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Administrator Lisa P. Jackson, Remarks to the Farm, Ranch and Rural Communities Federal Advisory Committee, As Prepared

09/30/2010
As prepared for delivery.

Welcome to this gathering of the Farm Ranch and Rural Communities Committee. It is my pleasure to be here with you for the first meeting of this group since we took office. I thank you for your willingness to serve on this committee and bring your experience and expertise to us.

We are embarking on a new level of engagement with the agricultural community. We know that rural communities and local farmers were hit as hard, if not harder, than everyone else in the economic downturn two years ago. Right now we’re working to make every community – whether it’s urban, suburban or rural – more economically resilient and more environmentally sustainable.

Because of the broad impact that America’s farmers have on everything from daily food prices to widespread environmental impacts to emerging fuel technologies, we need them to be part of our decision making process. We want to be sensitive about the slim margins on which farmers operate, their frequent inability to pass along the costs of environmental improvements, and their vulnerability in a difficult economy.

Those interactions are off to a strong start. My team and I have had extensive conversations with farmers and others in the agriculture community. I’ve co-hosted joint public meetings with Secretary Vilsack, at which we met with producers and their representatives from the commodity, livestock and specialty crop sectors. In my time at EPA, we’ve invested some $190 million in grants and direct support for critical agricultural projects across the country. And in just the last month I’ve been to Americus, Georgia to speak face-to-face with farmers there about EPA’s activities, and I’ve been to the Senate Agricultural Committee to have similar conversations.

With this committee we have another important opportunity for public discourse and interchange on these issues. With your help we will benefit from the input of people engaged in agriculture from universities, conservation organizations, NGO’s, state and local government and industry. The diversity of your perspectives and experiences make sure that EPA is getting the widest range of ideas and advice from this committee.

There may be no part of the economy that affects us so immediately and in so many “every day” ways more than agriculture. EPA’s interactions with agriculture are broad – on air, water, pesticides, solid waste – and we have a unique and important working relationship with USDA on everything from biofuels to pesticides. The agriculture community should be credited with taking significant steps to protect the environment while finding innovative ways to feed millions. Whenever we hear from farmers about their concerns over regulations or other issues, they also express their willingness to engage with us on environmental challenges. I understand that the primary focus of your deliberations will be on most effective approaches for dealing with water quality issues related to agricultural production. Our extremely capable Deputy Administrator, Bob Perciasepe, will be leading off your discussion on water issues today, and I’m sure it will be a productive session.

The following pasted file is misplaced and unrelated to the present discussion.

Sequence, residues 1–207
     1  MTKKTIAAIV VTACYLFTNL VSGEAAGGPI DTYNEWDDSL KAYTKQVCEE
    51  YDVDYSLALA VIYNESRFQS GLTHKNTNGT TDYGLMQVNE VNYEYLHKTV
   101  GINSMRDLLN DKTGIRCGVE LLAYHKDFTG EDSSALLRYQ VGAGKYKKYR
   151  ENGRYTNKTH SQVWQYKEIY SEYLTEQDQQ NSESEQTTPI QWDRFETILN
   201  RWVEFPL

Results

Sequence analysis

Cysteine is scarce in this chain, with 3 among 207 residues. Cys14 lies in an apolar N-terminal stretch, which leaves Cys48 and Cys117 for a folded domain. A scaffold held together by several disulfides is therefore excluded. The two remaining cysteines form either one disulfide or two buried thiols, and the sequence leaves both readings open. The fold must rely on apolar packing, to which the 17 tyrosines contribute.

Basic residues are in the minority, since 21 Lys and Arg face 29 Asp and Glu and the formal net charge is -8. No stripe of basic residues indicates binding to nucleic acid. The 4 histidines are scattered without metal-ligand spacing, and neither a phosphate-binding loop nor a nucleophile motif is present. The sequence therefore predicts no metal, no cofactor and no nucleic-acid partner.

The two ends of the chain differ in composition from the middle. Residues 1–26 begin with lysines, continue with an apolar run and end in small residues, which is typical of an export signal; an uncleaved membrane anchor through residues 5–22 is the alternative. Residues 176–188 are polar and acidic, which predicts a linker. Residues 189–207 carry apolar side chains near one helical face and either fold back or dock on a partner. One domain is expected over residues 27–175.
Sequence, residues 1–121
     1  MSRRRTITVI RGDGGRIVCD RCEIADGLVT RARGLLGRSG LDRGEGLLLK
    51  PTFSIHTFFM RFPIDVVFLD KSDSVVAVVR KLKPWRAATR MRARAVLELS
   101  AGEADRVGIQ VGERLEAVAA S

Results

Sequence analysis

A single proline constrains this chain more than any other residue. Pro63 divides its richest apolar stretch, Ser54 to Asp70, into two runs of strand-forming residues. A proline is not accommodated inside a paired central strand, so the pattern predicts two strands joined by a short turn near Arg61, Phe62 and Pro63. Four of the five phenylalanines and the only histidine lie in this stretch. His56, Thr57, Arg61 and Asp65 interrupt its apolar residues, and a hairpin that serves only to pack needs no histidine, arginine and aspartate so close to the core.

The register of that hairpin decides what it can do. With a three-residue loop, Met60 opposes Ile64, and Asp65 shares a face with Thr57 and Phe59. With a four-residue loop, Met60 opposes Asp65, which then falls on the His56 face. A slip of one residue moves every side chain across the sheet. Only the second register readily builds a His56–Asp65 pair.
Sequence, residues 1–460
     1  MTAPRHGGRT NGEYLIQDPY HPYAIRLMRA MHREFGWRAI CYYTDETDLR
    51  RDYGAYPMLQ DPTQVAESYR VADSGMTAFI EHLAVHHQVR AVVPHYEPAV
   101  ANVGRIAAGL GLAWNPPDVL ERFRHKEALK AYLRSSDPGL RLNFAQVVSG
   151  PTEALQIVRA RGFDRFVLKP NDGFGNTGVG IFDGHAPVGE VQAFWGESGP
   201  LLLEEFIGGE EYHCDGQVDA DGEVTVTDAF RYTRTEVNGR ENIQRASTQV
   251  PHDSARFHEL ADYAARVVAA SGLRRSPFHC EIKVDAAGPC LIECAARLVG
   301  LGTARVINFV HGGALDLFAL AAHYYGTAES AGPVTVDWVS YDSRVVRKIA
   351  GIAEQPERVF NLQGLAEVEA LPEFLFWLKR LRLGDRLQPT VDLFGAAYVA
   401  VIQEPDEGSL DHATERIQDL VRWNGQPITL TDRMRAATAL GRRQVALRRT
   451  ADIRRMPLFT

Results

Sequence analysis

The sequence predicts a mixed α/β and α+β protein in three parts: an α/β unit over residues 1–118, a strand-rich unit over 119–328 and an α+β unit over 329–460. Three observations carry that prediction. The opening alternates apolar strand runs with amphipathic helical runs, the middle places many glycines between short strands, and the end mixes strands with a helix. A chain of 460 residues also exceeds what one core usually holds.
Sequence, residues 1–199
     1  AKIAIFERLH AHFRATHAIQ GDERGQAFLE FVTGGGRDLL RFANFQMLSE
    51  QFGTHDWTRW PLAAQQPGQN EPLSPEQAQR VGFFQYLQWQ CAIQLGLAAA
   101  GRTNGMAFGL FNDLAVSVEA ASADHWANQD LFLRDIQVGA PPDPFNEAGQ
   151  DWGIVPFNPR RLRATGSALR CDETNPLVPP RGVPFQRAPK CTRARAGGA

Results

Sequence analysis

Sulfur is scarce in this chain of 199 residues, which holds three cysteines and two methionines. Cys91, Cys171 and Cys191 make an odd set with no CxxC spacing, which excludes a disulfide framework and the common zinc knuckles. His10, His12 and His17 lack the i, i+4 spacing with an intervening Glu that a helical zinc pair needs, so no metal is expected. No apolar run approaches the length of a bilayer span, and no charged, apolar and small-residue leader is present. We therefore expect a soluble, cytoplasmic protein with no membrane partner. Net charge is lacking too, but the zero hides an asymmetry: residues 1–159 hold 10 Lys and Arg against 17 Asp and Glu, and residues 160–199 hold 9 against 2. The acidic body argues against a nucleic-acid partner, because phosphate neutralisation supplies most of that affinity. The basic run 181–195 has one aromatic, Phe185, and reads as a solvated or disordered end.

Water issues are among the most critical issues with which we deal and among the most important and personally felt environmental concerns for the American people. And of course we know that farmers count on abundant, clean water to raise their crops and livestock, to process their products. While concerns about surface waters and groundwater have been identified across the country, we have also seen that the agriculture community can make significant strides in protecting water resources. Farmers in the Chesapeake Bay watershed have made many of the most substantial contributions to reducing pollution in the Bay.

In my view agriculture presents some of our best chances for improving water quality in the months and years to come. We have proven technologies and conservation practices that can reduce water quality concerns – from cover crops and fertilizer application methods to integrated pest management. Our challenge is to effectively assist farmers in implementing them widely enough in the most important places. We have a strong foundation of infrastructure through USDA and state programs to deliver both technical and financial assistance to increase adoption. We currently have resources to support the efforts of farmers through USDA’s EQIP and other conservation programs, and at EPA in our Puget Sound and Great Lakes Initiatives. And we have farmers and their communities who have shown, in one rural area after another, the ability to take action to protect water quality and other resources on which they and their families depend.

So we have an extraordinary opportunity right now to work with the agriculture community. We’re looking to you to provide advice to us on the programs and policies that will empower farmers and communities, encourage collaboration and support the best actions in the long run. As I said to the Senate Agriculture Committee last week, if there is one message I want to leave you with today, it is that I believe the most effective course for protecting our environment is an active partnership of EPA and USDA with the initiative of farmers and their communities.

I am encouraged by my conversations with farmers that there is a path forward on the issues ahead of us. Just as important, those conversations reinforced my belief that a healthy farm economy and a healthy environment can and should go hand in hand. Again thank you for your willingness to serve this your country in this Committee and for your willingness to advise this Administration as it grapples with the important and increasingly complex challenges we face.